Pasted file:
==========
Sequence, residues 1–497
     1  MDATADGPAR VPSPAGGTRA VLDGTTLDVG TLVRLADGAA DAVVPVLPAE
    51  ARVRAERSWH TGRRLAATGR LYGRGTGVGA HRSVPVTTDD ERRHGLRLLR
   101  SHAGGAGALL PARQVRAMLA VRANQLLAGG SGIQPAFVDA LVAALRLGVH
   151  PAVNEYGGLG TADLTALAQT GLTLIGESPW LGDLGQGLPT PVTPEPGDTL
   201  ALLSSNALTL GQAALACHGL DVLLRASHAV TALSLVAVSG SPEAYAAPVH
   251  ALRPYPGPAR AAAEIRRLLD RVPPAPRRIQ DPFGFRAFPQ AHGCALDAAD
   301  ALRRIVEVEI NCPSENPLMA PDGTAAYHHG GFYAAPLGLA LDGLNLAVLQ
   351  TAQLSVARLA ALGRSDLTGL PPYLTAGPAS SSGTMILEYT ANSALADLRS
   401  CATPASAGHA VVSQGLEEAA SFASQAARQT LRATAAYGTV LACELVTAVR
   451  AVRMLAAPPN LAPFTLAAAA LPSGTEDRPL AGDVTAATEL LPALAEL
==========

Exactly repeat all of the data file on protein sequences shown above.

Sequence, residues 1–497
     1  MDATADGPAR VPSPAGGTRA VLDGTTLDVG TLVRLADGAA DAVVPVLPAE
    51  ARVRAERSWH TGRRLAATGR LYGRGTGVGA HRSVPVTTDD ERRHGLRLLR
   101  SHAGGAGALL PARQVRAMLA VRANQLLAGG SGIQPAFVDA LVAALRLGVH
   151  PAVNEYGGLG TADLTALAQT GLTLIGESPW LGDLGQGLPT PVTPEPGDTL
   201  ALLSSNALTL GQAALACHGL DVLLRASHAV TALSLVAVSG SPEAYAAPVH
   251  ALRPYPGPAR AAAEIRRLLD RVPPAPRRIQ DPFGFRAFPQ AHGCALDAAD
   301  ALRRIVEVEI NCPSENPLMA PDGTAAYHHG GFYAAPLGLA LDGLNLAVLQ
   351  TAQLSVARLA ALGRSDLTGL PPYLTAGPAS SSGTMILEYT ANSALADLRS
   401  CATPASAGHA VVSQGLEEAA SFASQAARQT LRATAAYGTV LACELVTAVR
   451  AVRMLAAPPN LAPFTLAAAA LPSGTEDRPL AGDVTAATEL LPALAEL